On Saturday, Irving didn’t want to talk much basketball. He offered a short answer about his health and whether he would play in Sunday’s All-Star Game despite a sore knee. He wanted to touch on his influence off the floor. He opened up about his place in society and the opportunity for empowerment on young people.
He didn’t take a political or racial stance, but more of a social stance.
“Outside of [the court] we all want to stand [against] social injustice, we all want to stand for what we believe in. We all want to stand for more than just being basketball players,” he said. “When we do speak, some people just don’t listen because we’re just these ‘athletes.’ It’s a little sad at times, but for me I’m just going to keep pushing the envelope of how much I can really spread and influence others to open up and be free about themselves and who they are.”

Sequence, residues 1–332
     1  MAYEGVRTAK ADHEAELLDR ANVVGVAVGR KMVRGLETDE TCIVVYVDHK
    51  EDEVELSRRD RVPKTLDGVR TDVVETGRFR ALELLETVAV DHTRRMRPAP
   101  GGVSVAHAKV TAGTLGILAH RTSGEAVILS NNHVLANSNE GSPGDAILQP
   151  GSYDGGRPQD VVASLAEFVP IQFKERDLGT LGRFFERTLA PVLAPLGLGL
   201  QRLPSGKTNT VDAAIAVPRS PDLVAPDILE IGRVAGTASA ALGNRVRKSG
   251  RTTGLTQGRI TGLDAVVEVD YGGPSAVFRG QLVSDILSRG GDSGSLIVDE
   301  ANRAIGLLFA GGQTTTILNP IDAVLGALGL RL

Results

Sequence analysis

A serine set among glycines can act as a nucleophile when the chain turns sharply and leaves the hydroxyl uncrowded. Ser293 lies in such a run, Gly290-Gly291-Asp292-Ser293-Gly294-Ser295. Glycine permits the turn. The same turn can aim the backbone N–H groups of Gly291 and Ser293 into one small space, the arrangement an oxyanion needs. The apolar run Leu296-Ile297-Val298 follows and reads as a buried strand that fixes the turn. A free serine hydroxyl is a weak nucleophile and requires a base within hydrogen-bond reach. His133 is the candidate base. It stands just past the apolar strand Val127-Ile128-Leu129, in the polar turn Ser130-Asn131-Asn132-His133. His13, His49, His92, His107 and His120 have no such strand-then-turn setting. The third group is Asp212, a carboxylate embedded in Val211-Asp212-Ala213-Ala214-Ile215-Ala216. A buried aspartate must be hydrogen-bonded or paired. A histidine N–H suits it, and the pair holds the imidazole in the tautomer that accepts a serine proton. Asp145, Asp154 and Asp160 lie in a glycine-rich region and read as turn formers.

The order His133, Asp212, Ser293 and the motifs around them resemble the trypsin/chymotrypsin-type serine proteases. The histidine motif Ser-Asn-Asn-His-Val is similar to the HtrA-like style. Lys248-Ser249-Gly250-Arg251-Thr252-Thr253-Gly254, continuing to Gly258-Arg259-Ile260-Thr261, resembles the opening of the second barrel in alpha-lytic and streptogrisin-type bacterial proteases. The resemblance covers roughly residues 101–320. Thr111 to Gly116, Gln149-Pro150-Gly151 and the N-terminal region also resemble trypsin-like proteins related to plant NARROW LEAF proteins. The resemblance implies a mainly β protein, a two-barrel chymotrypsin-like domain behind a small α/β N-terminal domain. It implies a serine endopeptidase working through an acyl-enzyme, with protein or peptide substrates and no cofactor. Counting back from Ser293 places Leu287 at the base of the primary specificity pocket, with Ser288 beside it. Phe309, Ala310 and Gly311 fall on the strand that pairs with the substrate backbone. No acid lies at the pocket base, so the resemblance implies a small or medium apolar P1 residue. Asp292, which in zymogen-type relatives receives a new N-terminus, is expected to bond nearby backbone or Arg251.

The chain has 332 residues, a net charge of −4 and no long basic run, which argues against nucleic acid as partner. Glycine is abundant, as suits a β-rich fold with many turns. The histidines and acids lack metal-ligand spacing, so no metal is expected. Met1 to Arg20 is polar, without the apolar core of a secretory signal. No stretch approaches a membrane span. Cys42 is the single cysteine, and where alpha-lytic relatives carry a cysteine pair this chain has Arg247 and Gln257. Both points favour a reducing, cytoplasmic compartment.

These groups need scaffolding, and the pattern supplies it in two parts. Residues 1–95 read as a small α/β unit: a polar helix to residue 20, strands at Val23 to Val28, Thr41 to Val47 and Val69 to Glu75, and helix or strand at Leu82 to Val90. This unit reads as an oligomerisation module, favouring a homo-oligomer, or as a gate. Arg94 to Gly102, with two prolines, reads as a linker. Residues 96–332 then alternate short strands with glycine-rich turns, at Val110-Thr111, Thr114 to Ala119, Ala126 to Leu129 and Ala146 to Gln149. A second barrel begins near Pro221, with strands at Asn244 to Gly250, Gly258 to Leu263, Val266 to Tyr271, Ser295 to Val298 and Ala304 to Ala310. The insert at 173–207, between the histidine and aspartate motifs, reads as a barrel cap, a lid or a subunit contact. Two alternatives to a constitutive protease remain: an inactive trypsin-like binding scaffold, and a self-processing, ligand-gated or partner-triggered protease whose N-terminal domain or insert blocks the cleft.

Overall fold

Irving used this forum at All-Star Weekend to discuss anything besides basketball, and that’s a good thing. Irving is discovering his influence can reach far beyond the basketball court. He said the most impactful activity this weekend wasn’t the parties or bonding, but coaching the Special Olympics Game on Friday, and there he was motivating, encouraging, and even calling late-game plays to get the win.
“I’m following the steps of a lot of the pioneers that came before me, the black pioneers, African-American pioneers, African pioneers, Native American pioneers, native Indians,” he said. “I come from so many different places so I represent a lot of different cultures and I’m proud to do that and because of that I have an understanding of life, of coming from the elders, a lot of wise people, and you have to impart the same wisdom that was given to you to the younger generation.